The subject is extremely timely. However I could not get past the feeling that the book has been rushed out to make it available while the subject is in the news. Much of the book comprises earlier travellers' accounts of Aleppo, which the author has merely collected. The introduction gives a very brief and high level history, but again it is relatively superficial.

It is clear that this has been a very cosmopolitan and sophisticated city through nearly all it's life. And this makes the current state of affairs doubly sad. But this is far from the ideal book to cover the subject.

What a Fish Knows: The Inner Lives of Our Underwater Cousins
What a Fish Knows: The Inner Lives of Our Underwater Cousins
by Jonathan Balcombe
Edition: Hardcover

4 of 4 people found the following review helpful
5.0 out of 5 stars Brave new world, 3 Sept. 2016
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This is a superb book, with a huge quantity of cutting edge information which is new to science and therefore has not yet entered the consciousness of the everyday person.

The first realisation is that the diversity of fish life is phenonemal - much greater than land based vertebrates. So a single book can barely start to cover the subject. The second revelation is that we know very, very little about the lives of fish. The third revelation is that almost everything we think we do know about fish is completely wrong. Goldfish have memories stretching over years (not 5 seconds as we are normally told). Fish feel pain just like any other animal. And they have relationships, politics and hierarchies. They have surprising levels of intelligence (more than humans in some areas). And they are conscious.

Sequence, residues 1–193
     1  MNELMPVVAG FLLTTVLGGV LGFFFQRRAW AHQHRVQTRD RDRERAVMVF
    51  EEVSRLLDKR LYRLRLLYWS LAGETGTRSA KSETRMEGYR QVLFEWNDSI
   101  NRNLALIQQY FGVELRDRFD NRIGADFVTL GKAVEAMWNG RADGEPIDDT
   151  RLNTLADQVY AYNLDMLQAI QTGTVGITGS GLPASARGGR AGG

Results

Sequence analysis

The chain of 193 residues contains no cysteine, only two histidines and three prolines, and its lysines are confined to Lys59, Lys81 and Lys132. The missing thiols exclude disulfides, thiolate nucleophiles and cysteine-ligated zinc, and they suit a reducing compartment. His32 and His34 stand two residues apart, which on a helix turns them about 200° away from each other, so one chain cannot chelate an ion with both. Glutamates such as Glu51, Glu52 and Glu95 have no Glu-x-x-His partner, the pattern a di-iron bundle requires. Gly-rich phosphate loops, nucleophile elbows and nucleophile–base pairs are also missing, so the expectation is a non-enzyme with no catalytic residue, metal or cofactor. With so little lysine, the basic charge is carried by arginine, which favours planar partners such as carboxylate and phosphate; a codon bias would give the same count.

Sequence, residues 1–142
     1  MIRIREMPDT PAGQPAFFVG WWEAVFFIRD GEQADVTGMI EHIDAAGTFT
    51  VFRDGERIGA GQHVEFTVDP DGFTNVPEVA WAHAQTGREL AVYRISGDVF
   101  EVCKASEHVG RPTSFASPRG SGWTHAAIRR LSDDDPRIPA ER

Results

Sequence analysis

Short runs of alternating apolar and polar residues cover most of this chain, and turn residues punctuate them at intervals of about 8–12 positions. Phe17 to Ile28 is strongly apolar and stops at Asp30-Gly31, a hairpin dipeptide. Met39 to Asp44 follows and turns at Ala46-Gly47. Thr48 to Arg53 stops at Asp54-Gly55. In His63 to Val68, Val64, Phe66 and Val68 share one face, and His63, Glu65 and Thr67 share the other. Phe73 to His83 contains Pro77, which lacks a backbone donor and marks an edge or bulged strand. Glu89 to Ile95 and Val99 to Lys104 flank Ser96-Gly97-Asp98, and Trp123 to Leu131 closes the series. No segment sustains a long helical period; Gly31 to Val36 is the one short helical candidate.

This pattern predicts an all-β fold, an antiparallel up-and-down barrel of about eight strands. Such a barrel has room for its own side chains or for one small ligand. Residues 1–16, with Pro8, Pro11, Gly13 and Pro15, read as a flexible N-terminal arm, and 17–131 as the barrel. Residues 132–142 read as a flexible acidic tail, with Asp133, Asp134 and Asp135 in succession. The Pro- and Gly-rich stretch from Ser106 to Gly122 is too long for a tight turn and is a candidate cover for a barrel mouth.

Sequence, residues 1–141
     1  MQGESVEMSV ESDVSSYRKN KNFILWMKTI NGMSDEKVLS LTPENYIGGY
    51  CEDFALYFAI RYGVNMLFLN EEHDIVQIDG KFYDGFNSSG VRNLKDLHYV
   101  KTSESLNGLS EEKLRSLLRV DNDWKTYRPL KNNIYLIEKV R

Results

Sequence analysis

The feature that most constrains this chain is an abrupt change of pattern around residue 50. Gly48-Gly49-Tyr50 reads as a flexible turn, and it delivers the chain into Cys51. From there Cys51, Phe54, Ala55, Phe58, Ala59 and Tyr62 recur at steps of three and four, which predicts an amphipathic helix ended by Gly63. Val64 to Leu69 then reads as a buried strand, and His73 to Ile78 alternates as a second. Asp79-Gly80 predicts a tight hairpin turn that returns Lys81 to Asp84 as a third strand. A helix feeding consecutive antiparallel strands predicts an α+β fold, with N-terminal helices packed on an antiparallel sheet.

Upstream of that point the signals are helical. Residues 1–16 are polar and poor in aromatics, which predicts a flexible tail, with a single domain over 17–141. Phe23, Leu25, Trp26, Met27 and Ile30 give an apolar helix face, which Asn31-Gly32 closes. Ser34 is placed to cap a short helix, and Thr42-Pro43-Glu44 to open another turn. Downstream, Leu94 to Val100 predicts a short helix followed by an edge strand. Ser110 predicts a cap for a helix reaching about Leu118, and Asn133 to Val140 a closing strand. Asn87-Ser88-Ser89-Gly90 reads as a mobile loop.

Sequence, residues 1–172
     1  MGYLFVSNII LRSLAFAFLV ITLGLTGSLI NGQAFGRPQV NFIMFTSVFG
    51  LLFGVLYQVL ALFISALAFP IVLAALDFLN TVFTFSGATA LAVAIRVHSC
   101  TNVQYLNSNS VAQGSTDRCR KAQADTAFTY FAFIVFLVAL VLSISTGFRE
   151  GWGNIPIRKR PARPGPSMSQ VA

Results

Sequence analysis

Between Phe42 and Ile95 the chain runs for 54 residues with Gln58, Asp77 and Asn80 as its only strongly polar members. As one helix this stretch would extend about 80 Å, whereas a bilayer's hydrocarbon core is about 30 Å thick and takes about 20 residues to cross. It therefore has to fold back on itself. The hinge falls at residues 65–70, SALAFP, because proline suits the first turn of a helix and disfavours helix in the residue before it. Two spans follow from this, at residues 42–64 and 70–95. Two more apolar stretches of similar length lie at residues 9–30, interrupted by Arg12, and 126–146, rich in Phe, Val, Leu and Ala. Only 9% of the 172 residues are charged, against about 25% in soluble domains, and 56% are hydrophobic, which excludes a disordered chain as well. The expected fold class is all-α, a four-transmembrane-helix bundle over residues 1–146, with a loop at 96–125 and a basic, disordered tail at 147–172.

The descriptions of these weird and wonderful creatures and their lifesyles is endlessly fascinating. I was particularly intrigued to learn about the various senses which are available to some fish (like being able to detect electric fields for example). There is apparently much more out there than the five senses we learned about in school!

I thoroughly recommend this book which will open the reader's eyes to a whole new world of living things.
Comment Comment (1) | Permalink | Most recent comment: Sep 13, 2016 8:18 PM BST

Easternisation: War and Peace in the Asian Century
Easternisation: War and Peace in the Asian Century
by Gideon Rachman
Edition: Hardcover
Price: £13.60

1 of 1 people found the following review helpful
4.0 out of 5 stars The bigger picture, 3 Sept. 2016
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This book is beautifully written, and as result is a very easy and informative read.

It provides an excellent high level perspective, placing current events in the overall sweep of time through the last five centuries. It also roves freely across the globe, examining the rise of China from every geographic point of view.